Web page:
1852: Victor to Alfred Satterlee

This letter was written by a young man named Victor, probably born in the mid-1830s, who resided on or near Atlantic Avenue in Brooklyn, New York. We know that his father was living at the time but he does not mention any family members by name.

Victor wrote the letter to his 17 year-old friend, Alfred Henry Satterlee (1835-1864), of Brooklyn — the son of John Rathbone Satterlee (1785-1848) and Elizabeth Diggins  (1792-1872). Alfred served as a 2nd Lieutenant with the New York National Guard in 1862. Alfred’s father was a New York City Merchant and a captain of Artillery during the War of 1812. At the time Victor wrote this letter in July 1852 Alfred was on a vacation to the White Mountains in New Hampshire.

Victor’s letter contains a brief description of the Fourth of July activities in New York City, the loss of Lord Willoughby’s mansion on Fulton Street in Brooklyn, and the tragic accident at Clinton on Staten Island resulting in the drowning deaths of several persons who fell into the Hudson River when the Vanderbilt Bridge collapsed on July 5th, 1852.

1852 Cover

1852 Cover

TRANSCRIPTION
Addressed to Mr. Alfred Satterlee, Albany, New York (forwarded to Brooklyn, Long Island)

Brooklyn [New York]
July 6th 1852

Dear  Al,

Carriage Road on Mount Washington

Carriage Road on Mount Washington

You are about this time, I suppose, on the tipest, topest point of Mount Washington.‡ I wish I was along and only hope you have a finer view than I have from my window, though I don’t believe you can describe the scene as well as I can the backs of the shanties on Atlantic Street. I expected a letter from you today but you probably have found out that disappointment is the common lot of man — at any rate, it’s been drilled into my mind.

Yesterday we had a fine procession in the city. I think there were about 5,000 soldiers out and about as much noise, heat and confusion as usual. There were not so many people as usual; on Saturday I saw crowds leaving the city and this morning crowds were coming in again. Almost every man I met in the street this morning had a carpet bag or valise in his hand. I suppose a great part of the poor devils belonging to this city — even those in comfortable circumstances — have no other holliday than the fourth.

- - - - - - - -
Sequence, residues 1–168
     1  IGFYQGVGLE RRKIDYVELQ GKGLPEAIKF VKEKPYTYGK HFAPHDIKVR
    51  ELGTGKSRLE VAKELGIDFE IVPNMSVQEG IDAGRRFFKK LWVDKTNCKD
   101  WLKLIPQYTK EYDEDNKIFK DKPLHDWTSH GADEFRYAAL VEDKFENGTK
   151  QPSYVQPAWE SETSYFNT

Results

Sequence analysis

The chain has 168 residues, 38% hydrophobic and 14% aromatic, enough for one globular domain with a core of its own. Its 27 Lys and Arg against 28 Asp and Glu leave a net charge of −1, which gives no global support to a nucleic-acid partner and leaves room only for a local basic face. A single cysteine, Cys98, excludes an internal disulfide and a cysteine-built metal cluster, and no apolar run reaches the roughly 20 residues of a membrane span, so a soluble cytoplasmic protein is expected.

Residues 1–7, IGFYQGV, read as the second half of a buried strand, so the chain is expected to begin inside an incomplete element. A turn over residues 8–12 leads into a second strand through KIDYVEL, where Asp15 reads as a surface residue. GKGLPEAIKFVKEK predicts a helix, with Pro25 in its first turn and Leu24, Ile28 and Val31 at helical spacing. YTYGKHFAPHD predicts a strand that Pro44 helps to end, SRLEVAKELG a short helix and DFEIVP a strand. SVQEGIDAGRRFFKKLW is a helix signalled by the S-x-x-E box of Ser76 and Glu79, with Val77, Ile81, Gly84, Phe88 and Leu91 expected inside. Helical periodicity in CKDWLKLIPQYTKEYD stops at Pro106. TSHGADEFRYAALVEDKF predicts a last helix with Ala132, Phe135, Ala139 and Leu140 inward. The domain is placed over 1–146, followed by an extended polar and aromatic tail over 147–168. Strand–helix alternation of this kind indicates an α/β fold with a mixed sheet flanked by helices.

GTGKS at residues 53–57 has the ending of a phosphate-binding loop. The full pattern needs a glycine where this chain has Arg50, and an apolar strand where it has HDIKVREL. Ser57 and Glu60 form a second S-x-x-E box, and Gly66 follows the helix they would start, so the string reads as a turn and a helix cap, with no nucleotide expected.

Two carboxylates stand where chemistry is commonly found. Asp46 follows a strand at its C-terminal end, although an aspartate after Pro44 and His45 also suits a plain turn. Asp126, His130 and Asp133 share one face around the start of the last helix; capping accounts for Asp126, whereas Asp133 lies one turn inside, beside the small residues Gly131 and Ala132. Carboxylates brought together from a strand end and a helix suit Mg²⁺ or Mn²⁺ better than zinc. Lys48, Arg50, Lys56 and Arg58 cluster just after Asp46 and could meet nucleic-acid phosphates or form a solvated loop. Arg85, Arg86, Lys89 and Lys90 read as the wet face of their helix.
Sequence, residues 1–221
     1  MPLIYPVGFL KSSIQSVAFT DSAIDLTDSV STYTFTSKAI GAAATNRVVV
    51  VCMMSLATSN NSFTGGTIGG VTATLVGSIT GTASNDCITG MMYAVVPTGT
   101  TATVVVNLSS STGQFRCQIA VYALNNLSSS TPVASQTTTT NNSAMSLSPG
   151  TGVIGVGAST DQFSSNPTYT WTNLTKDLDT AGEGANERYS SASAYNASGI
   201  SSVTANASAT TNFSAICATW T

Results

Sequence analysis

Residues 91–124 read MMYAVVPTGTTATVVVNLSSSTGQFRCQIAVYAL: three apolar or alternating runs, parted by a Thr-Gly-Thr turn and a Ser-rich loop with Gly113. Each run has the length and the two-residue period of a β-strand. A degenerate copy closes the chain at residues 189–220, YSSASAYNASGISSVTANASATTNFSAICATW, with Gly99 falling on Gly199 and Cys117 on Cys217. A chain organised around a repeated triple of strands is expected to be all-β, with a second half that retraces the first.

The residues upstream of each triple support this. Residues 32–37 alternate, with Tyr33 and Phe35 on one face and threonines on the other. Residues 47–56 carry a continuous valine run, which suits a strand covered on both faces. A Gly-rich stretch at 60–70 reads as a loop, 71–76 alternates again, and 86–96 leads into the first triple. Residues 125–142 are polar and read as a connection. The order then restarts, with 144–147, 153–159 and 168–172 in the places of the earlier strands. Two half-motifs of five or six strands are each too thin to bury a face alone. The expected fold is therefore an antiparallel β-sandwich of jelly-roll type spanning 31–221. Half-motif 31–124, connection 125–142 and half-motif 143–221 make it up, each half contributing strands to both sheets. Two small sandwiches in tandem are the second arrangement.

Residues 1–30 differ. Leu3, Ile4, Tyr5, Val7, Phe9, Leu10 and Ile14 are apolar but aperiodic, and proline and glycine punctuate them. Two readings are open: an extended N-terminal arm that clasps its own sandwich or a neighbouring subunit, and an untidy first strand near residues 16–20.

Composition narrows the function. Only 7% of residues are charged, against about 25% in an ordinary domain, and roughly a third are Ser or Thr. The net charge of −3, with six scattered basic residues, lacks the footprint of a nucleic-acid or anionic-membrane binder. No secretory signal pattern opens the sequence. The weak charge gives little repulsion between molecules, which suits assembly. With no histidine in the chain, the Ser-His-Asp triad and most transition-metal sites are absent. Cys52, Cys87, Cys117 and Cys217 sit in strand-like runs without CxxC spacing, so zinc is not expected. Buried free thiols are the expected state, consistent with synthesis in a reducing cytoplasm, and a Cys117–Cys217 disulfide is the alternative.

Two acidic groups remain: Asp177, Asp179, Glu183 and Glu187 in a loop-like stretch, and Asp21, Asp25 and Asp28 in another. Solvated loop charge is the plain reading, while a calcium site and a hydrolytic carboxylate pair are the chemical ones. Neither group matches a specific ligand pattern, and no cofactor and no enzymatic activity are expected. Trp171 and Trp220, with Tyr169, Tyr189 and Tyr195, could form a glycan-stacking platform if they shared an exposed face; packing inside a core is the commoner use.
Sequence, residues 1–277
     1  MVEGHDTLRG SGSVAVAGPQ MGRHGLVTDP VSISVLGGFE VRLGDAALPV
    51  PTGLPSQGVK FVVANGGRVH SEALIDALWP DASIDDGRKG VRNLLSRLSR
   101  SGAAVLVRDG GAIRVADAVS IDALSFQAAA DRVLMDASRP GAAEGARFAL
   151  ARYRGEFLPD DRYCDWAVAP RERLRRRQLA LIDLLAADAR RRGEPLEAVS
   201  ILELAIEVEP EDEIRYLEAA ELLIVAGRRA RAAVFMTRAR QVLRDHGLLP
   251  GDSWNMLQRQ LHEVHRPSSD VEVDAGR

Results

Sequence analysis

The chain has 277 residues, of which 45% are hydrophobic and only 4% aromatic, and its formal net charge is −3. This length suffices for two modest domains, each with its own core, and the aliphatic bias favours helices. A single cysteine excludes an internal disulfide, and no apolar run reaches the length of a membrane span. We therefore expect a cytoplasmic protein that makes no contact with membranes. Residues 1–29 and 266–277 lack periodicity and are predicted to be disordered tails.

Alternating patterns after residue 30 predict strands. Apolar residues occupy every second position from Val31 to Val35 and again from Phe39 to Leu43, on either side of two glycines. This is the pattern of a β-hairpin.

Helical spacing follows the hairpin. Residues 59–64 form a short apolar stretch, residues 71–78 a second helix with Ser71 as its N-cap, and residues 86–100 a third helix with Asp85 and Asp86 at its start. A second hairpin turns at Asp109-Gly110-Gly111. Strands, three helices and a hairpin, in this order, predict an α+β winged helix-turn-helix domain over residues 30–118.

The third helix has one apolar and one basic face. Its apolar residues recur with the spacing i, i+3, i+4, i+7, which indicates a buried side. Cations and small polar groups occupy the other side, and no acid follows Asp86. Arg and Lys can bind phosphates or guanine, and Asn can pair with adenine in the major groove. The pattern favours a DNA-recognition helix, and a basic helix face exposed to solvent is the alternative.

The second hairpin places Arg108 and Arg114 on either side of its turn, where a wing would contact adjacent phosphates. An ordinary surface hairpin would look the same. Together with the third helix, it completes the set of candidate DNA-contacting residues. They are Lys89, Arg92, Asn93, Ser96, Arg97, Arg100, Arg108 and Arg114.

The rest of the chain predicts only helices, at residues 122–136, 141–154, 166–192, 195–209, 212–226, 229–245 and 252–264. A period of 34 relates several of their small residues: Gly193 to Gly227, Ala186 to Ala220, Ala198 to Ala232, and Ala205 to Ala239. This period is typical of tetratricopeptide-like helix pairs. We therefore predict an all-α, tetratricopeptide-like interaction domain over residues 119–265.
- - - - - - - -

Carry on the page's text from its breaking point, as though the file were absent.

I do hate New York. I like Brooklyn and always will, but still I always settle down to a new country. There’s nothing disagreeable about woods. Let them be ever so wild or even the most miserable log cabin or its most miserable occupant, but most of the streets of Brooklyn are disagreeable enough to give me the blues the instant I put my nose in them. And as for the poor and their habitations, bah; you have seen enough.

A dreadful accident happened at the Staten Island yesterday. ¹ Vanderbilt’s bridge at the lower landing broke down, letting about 50 people in the water, of whom 25 — mostly women — were drowned. Father saw a gentleman who was on the coroner’s jury this morning in the examination of the bodies of two women who were drowned, the husband of one of them was with them, drunk at the time, and this morning when the coroner held his inquest the man was drunk again. Probably the poor man wished to drown his misery in rum though perhaps one of his miseries was drowned yesterday. The morning papers were not out when I was in the city and I have heard of no other calamity except the burning of Lord [Samuel A.] Willoughby’s house which I consider a public calamity for it certainly was a great ornament to Fulton Avenue. ²